Friday, February 25, 2011

Does it Really Take Ten Thousand Hours to Become an Expert?

Malcolm Gladwell speaks at PopTech! 2008 confe...In the early eighties I had the opportunity to spend a month in Tokyo to help the local office of my corporation find and fix problems with a computer system I was working on. While there, a colleague and I were invited to my Japanese boss’s home for Sunday dinner.

I was a woman playing a man’s role at this dinner party. In fact, I was the only woman in the room. Our male boss greeted us at the door, and the only glimpse we had of his wife during dinner was as she silently waited on us with bowed head. More servant than hostess, she was relegated to her role in the kitchen.

After dinner my boss’s wife was allowed to join us, upon my request. She was thrilled at the invitation, and in an effort to please us she showed us some dolls that she had made. Entirely made of paper, these dolls were created by hand with elaborate series of folds. Their colorful costumes gave them character and a uniquely Japanese flair. My hostess was thrilled (and more than a little embarrassed) as I praised her creativity and artwork. “You should sell these,” I suggested. “How long did it take you to learn to make these?”

In perfect English my Japanese hostess responded, “Oh, no. They are not good enough to sell. I’ve only been making dolls for two years. It takes at least ten years before they are good enough to sell.”

To my untrained eye, the dolls were perfect, but my new Japanese friend knew that she had so much more to learn. She knew she had to put in more time. She subscribed to the dogma that we hear so often today:

It takes ten thousand hours of practice to become an expert.

In his book, Outliers: The Story of Success, Malcolm Gladwell outlines many examples of success, tied to opportunities – opportunities that allowed the expert to practice for ten thousand hours. One example Gladwell cites is Bill Gates. Gates had unique access to a high school computer at a time when most schools didn’t have them. He was able to log ten thousand hours programming on that computer, allowing him to become an expert at a very young age.
Ten thousand hours is roughly equal to forty hours a week for five years, or twenty hours a week for ten years.

It’s no wonder then that companies look for candidates with five years experience for skilled jobs. It’s not coincidental that many successful people offer up “persistence” and “dedication” as characteristics that contributed to their success. It’s no surprise that the violin student who practices the longest hours is often the first chair. There’s more to success than talent and desire.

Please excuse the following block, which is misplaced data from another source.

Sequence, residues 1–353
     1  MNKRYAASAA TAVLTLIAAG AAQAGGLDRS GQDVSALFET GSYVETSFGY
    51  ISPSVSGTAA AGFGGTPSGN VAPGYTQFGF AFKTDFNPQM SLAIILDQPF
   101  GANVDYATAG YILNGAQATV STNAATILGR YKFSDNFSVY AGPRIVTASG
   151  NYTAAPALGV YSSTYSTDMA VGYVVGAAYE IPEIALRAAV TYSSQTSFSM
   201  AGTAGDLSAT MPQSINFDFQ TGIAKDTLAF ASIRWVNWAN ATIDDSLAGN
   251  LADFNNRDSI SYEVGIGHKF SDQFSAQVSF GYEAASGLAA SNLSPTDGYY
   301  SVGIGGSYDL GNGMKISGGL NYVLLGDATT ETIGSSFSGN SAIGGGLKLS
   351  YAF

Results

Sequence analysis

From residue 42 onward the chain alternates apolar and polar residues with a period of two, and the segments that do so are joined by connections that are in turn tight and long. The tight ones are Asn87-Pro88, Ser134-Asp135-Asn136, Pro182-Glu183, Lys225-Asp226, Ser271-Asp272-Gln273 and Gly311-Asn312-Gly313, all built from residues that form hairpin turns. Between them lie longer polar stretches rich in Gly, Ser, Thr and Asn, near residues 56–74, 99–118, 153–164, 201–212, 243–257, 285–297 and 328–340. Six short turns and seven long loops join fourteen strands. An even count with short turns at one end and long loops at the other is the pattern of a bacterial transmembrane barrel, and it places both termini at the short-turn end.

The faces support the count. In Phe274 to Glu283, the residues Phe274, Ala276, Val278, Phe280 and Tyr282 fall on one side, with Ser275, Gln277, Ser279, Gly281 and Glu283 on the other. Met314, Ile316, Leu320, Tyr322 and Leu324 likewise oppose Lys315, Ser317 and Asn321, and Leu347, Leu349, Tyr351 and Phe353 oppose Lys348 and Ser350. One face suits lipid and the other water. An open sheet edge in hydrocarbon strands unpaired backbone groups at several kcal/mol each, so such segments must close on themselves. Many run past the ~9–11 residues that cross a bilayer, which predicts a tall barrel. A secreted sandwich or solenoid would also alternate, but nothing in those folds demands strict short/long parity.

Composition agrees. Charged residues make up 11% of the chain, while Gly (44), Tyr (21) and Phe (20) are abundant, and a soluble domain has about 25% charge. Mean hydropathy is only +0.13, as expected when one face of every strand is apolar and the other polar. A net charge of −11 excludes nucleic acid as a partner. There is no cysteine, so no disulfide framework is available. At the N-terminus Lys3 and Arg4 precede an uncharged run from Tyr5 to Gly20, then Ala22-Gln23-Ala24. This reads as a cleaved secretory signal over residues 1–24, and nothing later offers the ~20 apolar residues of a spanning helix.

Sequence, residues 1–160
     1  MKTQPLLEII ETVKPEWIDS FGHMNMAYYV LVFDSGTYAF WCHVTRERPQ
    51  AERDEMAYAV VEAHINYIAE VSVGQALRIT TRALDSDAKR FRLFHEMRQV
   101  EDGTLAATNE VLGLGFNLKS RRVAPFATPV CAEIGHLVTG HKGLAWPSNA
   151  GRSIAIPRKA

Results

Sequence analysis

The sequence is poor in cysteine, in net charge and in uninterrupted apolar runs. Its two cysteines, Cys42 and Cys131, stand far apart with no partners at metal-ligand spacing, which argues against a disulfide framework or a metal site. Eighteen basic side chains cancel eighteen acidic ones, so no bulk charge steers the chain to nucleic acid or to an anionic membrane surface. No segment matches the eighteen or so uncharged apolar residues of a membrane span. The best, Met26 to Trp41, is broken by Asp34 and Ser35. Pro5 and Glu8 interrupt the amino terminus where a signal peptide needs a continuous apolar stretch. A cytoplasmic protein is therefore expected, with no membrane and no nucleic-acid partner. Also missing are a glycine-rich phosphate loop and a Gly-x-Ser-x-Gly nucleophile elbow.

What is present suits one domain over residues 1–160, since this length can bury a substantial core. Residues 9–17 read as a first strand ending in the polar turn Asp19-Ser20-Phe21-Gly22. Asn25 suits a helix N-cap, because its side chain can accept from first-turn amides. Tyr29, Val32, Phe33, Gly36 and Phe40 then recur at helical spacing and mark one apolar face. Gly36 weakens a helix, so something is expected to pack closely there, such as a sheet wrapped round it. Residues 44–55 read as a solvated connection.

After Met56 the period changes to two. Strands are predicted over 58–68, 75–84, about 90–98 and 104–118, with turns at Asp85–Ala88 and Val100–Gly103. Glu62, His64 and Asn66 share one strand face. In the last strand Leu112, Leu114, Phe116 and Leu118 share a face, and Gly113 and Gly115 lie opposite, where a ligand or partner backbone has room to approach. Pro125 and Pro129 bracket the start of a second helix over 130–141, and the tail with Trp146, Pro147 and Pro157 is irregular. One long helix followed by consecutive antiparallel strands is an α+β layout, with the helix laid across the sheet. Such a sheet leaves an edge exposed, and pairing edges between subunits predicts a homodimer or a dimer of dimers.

Have you put in your ten thousand hours yet?

8 comments:

TMary said...

The phrase I grew up with, as a former violin student and life long learner was, 90% perspiration, 10% inspiration. Your article rings true!

Carol Kilgore said...

Not quite, but I've passed the halfway point. I've heard in writing you need to write a million words before you really know what you're doing.

Colette said...

Wow -- a million words sounds very intimidating.

TMary -- violin is tough -- maybe need even more than 10000 hours?

Dave E said...

I think that it's really all about perception and who is doing the comparing as much as actual skill or knowledge.
Your housewife was obviously very good at making the dolls but in her eyes she was not. Maybe to her peers she was average but to the rest of us shew had skill and talent. to some she is an expert, to others not so much.
If someone knows more that I do, (even if they are only one page ahead of me in the book) they are an expert to me, especially if they can explain it to me!

We are all experts in something to someone and I suspect that many of us underestimate our level of knowledge and skill.

In many ways it is as much about self confidence and selling yourself as anything else.

Colette said...

Dave E, really great point!

KarenG said...

Fascinating story. I read Ouliers and have pondered that 10K hours idea. As for writing, I believe that all those childhood hours of reading count as writing practice.

Colette said...

KarenG - I agree that those reading hours should could... as well as all the book reports and papers, letters (remember when we actually wrote letters), and anything else we've written.

Joanne said...

I'm definitely working on it, and am well-immersed. I think that the 10,000 hours idea is a great way to suggest that, really, the craft or skill must become a way of life for it to reach that point.